The Angry Silence, a film about Trade Union strikes, pickets and walkouts might sound ridiculously depressing and rather boring to say the least but you would be wrong, well the boring part would be. Yep it has a depressing side to it but like the tagline says, this is Rough, Tough and Deeply Moving and I’ll say that’s the perfect description for this movie. This is high quality British kitchen sink realism, with strong performances across the board. All pushing the gritty nature of this drama through their emotional character developments. With Richard Attenborough and Pier Angeli shining through the gritty, tough and daunting times to come. Continue reading “The Angry Silence (1960) Walkouts, Trade Unions, Strikes, Scabs & Little Dicky Attenborough”→
Oh come on now, you really shouldn’t have made such incredible films MrSeijun Suzuki. My constant buzzing and face of awe makes it hard to concentrate on normal life stuff. My mind wanders off, all day thinking about the pure wonder and excitement that greeted me on the screen. Tokyo Drifter had always been one of my favorite films, it’s just so damn bloody cool but then I got recommended Branded To Kill, well it couldn’t be as good as Tokyo Drifter, that would be impossible, wouldn’t it, surely? Continue reading “Branded to Kill (1967) Chipmunk, Butterflies, Steamy Japanese Sex & Boiled Rice!”→
After watching the first-rate drama The Browning Version I investigated other films directed by Anthony Asquith. With a keen interest in World War II history, his 1958 film Orders To Kill, based on a former American intelligence operative called Donald Chase Downes novel, it ticked all the right boxes for me.
Opening credits – “The central story on which this film is based is true!”
Opening with one of the best opening credit sequences I’ve seen for sometime, inspired Saul Bass on speed. Fast paced bold graphics flashing up harsh lines to the sound of suspenseful pounding free jazz beats. Then the credits change to strange images, with a sinister notion, with snap shots of photography close ups to unease you into this manic rollercoaster ride of a film. This is the sixties alright, the cinematography filming style and music let us know that straight from the get go. Continue reading “Lady In A Cage (1964) Like An Animal Orgy House Invasion!”→
1984 was the year at school we read the John Wyndham novel called The Day Of The Triffids for English. You would of hoped it would be part of all educational learning, to be a forewarning at least for when a breathtaking and magnificent light show of comets appear in the sky. To be taught the first thing you do is bandage your eyes and hide in a windowless room. No matter how mind-blowing and eye-poppingly wonderous the visual light show is, The Triffids pre-warned us, it’s gonna get real bad, real quick! Continue reading “Night of the Comet (1984) Usherette, Cheerleader & Commander Chakotay Fight The Cannibal Zombies”→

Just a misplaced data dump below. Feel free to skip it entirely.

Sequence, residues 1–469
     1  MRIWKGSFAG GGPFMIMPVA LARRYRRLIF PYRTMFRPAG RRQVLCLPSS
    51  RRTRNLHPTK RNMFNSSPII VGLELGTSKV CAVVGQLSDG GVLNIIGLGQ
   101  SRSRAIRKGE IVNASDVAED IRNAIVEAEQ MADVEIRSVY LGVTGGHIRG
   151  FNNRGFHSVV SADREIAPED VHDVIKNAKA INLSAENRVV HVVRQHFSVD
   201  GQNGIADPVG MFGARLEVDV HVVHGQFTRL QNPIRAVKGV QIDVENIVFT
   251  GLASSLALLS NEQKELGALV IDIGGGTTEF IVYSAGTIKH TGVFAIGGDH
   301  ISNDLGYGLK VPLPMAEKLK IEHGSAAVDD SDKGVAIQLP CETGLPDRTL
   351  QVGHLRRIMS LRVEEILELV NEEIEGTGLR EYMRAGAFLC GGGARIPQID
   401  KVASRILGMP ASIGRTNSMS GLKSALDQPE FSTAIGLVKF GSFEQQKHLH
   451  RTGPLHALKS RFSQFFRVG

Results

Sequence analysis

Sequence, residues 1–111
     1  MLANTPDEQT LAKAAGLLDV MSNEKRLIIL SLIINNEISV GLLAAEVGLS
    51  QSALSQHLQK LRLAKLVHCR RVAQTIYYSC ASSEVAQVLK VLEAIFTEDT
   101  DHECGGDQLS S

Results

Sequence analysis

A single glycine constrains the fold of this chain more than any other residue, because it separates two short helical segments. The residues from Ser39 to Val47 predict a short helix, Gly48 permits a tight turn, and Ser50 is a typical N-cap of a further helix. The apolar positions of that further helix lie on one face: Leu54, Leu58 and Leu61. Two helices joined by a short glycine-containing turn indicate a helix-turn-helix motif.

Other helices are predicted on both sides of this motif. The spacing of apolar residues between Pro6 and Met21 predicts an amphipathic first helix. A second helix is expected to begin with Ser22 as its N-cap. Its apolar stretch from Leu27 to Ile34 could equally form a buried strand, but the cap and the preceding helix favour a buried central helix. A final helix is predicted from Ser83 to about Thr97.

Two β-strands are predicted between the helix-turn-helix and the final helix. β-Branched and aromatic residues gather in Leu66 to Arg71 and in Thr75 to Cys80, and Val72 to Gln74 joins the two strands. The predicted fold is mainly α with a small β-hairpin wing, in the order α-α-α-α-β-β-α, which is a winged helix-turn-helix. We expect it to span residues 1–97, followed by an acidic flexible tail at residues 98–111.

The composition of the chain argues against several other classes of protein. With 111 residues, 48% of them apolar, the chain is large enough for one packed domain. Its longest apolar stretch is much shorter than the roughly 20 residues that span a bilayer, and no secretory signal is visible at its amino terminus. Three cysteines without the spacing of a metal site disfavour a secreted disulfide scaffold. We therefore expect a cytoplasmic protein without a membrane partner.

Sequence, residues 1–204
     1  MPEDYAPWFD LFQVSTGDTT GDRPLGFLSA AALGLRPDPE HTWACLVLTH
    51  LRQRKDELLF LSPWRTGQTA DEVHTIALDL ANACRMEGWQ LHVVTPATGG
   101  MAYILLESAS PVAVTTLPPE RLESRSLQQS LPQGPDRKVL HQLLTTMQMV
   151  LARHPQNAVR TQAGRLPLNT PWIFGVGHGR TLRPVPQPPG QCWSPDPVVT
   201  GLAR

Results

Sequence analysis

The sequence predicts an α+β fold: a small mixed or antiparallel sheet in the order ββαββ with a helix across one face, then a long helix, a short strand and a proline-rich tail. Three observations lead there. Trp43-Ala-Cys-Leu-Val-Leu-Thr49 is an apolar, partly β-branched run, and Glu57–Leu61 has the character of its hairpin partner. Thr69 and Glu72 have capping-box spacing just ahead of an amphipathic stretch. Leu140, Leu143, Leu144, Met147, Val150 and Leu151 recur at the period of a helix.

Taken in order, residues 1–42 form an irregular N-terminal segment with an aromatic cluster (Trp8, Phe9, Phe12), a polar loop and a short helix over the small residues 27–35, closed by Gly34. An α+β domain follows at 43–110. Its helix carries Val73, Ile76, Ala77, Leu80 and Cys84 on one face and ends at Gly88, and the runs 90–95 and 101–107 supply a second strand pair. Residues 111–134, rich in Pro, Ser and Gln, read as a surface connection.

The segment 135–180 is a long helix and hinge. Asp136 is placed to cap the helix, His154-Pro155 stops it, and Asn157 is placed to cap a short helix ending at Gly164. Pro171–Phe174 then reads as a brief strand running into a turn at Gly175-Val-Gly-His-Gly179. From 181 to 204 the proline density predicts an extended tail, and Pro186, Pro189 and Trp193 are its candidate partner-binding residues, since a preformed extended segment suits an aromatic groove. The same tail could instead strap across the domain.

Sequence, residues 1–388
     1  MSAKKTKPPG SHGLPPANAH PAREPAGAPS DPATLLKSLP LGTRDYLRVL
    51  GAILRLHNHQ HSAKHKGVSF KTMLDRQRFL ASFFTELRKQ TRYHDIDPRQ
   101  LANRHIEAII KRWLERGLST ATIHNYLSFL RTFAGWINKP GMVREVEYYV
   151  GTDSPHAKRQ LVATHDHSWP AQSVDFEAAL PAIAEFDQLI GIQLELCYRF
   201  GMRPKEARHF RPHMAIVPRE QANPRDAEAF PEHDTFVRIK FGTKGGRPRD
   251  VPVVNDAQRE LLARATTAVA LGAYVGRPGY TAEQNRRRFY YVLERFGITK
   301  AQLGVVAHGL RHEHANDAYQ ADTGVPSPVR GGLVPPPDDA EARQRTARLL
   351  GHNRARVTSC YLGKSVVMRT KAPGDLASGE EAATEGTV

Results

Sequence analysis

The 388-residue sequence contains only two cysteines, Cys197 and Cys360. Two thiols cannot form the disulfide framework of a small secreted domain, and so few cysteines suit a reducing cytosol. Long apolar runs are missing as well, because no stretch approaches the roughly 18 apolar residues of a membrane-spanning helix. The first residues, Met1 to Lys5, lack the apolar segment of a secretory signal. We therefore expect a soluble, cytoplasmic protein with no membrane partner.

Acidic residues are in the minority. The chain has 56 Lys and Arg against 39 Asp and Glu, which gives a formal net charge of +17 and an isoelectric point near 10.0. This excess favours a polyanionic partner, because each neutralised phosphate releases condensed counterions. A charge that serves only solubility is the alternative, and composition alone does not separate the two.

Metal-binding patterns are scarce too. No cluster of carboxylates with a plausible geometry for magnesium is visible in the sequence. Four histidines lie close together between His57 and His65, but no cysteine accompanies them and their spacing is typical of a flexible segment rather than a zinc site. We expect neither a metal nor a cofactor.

Not until it had finished and went to tick The Harder They Fall off my Humphrey Bogart films I must see list, that it dawned on me this was his final film before he passed away at the young age of 57. I have to say I didn’t realise he was ill whilst watching, he had all those classic Bogart characteristics and mannerisms we all so love. That world weary New York tough guy that hides a heart of gold, a style that you can imagine is naturally his real persona. He’s such a joy to watch and it’s great to know I still have a lot more Bogies to work my way through. Continue reading “The Harder They Fall (1956) Humphrey Bogart’s Last Film Is A Smasher”→
I just had to go check, not long into the film, that Olivia de Havilland didn’t in fact have a twin! She had to, right? This is 1946, there is no way camera tricks are this advanced? It seems that, only in the last 10 or so years, they’ve been able to pull off the perfect effect of having the same person play doppelgangers. There always seemed to be a tell of sorts, eyes looking in the wrong place, maybe a slight haze around one of the characters where they have been added, always something that gave it away. Flash forward to the present and we have TV shows like Counterpart where we get two JK Simmons wander around flawlessly interacting with each other but how did they do it 72 years ago? Ok I know there are some a few tale tale signs but it’s really astonishing how they pulled it off so believably, most credit due I must add to Olivia de Havilland’s skillful acting talent. Continue reading “The Dark Mirror (1946) Double Trouble & Psychological Rorschach Tests”→